AS an obstetrician, my job is to help pregnant mothers welcome their babies into this world. Therefore, I have always found that the hardest part of the job is when the pregnancy ends in a miscarriage, and my patients turn to me and ask, “Why did this happen?”
If dealing with miscarriage is difficult for me, I can’t imagine how heartbreaking it must be for the women who have this precious gift snatched right out of their hands.
In this article, I will talk about how to recognise when you’re having a miscarriage and reducing your risk factors for miscarriage.
Defining a miscarriage
A miscarriage is the loss of a baby before the 20th week of pregnancy, with most miscarriages occurring in the first trimester.
Up to 15% of all recognised pregnancies end in miscarriage – however, many more miscarriages actually occur, but women are not aware of them because they did not know that they were pregnant in the first place.
The most obvious signs of a miscarriage are vaginal bleeding or spotting, pain or cramping of the abdomen, passing of tissue from the vagina and fluids draining out from the vagina.
If you are pregnant and experience any of these signs, go to your obstetrician immediately.
When a miscarriage occurs, the first instinct is to ask, “Why did this happen? What did I do wrong?” Relatives or friends may make things worse by telling you that you should not have eaten this or done that during your pregnancy.
Some old wives’ tales may blame a miscarriage on “bad” foods, sex, too much exercise, bad feng shui or even astrological signs! However, these are unfounded beliefs. Even we doctors do not really know the cause of most miscarriages.
We do know that they are often caused by chromosomal abnormalities in the unborn baby, but we do not know what specifically causes these abnormalities.
The result is that the baby cannot develop normally, and the body spontaneously terminates the pregnancy.
There are some things that have been identified as definite risk factors for miscarriage.
Although there are no guarantees against a miscarriage, you can try to change your lifestyle or seek medical advice to reduce as many of these risk factors as possible.
Here are three things that you should definitely do during pregnancy to prevent a miscarriage: don’t smoke, don’t use illegal drugs and don’t drink too much alcohol.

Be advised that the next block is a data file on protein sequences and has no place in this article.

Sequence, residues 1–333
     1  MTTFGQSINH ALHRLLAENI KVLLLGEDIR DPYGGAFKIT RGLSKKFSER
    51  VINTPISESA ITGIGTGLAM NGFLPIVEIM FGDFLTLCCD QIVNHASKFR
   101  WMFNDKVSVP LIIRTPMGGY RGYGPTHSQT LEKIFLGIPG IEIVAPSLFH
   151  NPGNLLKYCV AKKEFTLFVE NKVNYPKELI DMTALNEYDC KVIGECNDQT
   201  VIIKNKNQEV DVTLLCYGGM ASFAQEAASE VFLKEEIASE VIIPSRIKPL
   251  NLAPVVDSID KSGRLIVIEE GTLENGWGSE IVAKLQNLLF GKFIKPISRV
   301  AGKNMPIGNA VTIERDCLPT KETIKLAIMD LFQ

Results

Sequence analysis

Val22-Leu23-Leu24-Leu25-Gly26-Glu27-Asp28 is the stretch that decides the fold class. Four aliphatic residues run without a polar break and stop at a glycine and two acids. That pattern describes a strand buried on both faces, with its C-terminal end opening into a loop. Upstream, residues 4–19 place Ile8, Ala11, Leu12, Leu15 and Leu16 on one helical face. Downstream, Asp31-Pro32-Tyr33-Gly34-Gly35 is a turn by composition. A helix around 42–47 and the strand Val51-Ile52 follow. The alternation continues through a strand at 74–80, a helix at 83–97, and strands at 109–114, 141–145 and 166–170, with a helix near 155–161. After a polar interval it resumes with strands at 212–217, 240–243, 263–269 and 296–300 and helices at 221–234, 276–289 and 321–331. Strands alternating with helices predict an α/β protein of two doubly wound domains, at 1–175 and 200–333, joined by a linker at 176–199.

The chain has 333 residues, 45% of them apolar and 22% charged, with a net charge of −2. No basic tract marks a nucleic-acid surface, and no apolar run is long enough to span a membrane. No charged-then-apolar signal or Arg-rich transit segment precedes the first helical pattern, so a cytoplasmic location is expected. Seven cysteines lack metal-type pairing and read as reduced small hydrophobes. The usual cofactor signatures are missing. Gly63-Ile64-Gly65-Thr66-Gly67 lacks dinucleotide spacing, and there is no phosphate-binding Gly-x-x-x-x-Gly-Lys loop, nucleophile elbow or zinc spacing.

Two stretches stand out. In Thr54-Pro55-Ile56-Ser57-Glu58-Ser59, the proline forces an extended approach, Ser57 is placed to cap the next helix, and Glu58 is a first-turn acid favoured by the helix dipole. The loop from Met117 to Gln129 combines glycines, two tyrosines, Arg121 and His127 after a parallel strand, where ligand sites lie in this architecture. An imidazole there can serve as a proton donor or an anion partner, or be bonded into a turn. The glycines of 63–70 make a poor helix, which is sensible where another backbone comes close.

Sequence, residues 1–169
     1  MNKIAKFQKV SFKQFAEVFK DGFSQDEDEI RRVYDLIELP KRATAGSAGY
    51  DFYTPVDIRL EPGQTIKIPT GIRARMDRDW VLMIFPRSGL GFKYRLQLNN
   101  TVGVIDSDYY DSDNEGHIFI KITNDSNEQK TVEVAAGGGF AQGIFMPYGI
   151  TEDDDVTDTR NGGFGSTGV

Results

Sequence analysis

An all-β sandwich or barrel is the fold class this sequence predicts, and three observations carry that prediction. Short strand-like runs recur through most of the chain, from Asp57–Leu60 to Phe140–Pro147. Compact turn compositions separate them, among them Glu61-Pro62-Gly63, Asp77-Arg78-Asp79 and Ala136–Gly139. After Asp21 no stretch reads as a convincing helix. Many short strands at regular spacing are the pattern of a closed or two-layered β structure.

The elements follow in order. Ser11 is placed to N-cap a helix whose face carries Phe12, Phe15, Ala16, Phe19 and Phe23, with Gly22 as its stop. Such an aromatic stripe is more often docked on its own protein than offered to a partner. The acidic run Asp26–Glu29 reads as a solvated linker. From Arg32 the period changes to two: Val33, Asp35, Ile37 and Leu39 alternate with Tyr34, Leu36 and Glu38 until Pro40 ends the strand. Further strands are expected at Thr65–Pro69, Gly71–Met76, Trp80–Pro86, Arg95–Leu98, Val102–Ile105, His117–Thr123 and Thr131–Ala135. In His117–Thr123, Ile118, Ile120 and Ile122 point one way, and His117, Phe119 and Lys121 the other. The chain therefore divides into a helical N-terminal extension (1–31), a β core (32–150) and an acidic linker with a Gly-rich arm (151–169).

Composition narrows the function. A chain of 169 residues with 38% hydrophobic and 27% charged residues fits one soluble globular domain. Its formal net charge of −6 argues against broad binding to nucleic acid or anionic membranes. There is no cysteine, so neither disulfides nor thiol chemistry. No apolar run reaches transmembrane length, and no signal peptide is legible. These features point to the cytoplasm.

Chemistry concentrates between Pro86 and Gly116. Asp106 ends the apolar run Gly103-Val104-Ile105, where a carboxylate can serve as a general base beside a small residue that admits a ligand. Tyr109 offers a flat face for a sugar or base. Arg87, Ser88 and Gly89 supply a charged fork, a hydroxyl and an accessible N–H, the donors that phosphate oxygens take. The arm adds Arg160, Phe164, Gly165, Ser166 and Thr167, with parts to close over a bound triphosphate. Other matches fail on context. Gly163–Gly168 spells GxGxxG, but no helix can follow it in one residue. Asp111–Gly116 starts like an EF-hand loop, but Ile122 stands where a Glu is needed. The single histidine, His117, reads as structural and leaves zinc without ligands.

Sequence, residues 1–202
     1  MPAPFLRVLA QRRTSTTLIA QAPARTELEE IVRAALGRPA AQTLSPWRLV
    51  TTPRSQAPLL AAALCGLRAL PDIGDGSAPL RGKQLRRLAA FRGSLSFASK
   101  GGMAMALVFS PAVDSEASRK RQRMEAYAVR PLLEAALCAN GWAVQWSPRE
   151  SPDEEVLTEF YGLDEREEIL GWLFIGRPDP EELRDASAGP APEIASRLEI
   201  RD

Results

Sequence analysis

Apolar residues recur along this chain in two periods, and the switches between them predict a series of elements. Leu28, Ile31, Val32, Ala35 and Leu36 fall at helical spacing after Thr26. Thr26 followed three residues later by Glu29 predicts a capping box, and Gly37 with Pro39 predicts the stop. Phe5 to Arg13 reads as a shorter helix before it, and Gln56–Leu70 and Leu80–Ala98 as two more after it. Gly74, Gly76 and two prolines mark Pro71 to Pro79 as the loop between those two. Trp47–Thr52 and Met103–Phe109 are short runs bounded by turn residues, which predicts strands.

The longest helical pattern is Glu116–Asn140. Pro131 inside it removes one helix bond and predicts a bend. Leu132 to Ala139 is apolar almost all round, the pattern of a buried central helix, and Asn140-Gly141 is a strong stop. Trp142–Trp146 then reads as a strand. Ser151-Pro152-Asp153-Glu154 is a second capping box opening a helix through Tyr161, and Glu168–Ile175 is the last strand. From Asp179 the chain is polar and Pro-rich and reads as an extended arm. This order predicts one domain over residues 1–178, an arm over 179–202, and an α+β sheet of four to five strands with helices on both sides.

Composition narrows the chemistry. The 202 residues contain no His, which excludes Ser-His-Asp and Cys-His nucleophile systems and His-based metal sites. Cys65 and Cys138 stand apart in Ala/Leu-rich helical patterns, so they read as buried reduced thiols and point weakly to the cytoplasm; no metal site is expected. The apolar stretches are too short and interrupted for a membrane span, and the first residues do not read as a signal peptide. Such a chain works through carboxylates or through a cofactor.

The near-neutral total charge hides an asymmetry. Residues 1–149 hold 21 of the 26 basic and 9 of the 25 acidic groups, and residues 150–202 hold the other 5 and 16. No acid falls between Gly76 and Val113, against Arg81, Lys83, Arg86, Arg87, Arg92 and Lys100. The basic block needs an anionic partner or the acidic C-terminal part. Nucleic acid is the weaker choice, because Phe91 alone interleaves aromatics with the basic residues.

You may have certain medical problems, hormonal disorders or chronic diseases that can affect your pregnancy – talk to your obstetrician before you get pregnant about your options for medical or surgical treatment to treat these conditions.
Certain infections during pregnancy, such as rubella, can also cause miscarriage, which is why it is very important that you be tested for these infections and take precautions to avoid being infected while you are pregnant.
Finally, getting pregnant at an older age, and above, puts you at higher risk of having a miscarriage.
However, I wish to stress again that these are only risk factors; just because you are an older mother-to-be does not mean you will definitely miscarry.
What if I have repeated miscarriages?
Some women have several subsequent miscarriages, which can be very distressing for them and their families.
I comfort my patients by telling them that 85% of women who miscarry go on to have a healthy next pregnancy.
Unfortunately, there are some women who have repeated miscarriages, due to medical problems that have not been treated.
For instance, if the repeated miscarriages are caused by cervical incompetence, you can undergo a procedure to keep the cervix closed throughout the pregnancy.
If you have a chronic disease like diabetes, you have to keep the condition under control (such as by maintaining healthy glucose levels) to reduce the chances of another miscarriage.
If you have several miscarriages, your doctor should conduct a complete medical check to try and determine the cause.
Often, however, your doctor will not have an answer. Do not blame him or her, as miscarriages still remain a mystery in medical science.
It may be Mother Nature’s way of ensuring that your pregnancy will not go on to harm you or your unborn baby.
This is not a time for anger and recrimination between you and your partner. You will both need time to grieve and to come to terms with the fact.
Cast out thoughts such as, “I should not have eaten that food”, “I should not have done that exercise” or even “I should not have had sex during pregnancy”.
Blaming yourself or each other will only make the pain worse.
In my next article, I will talk about the emotional impact of a miscarriage, and how women and men can cope with it.
- Datuk Dr Nor Ashikin Mokhtar is a consultant obstetrician & gynaecologist (FRCOG, UK). She is co chairman of Nur Sejahtera, Women & Family Healthcare Program, Ministry of Women, Family and Development.
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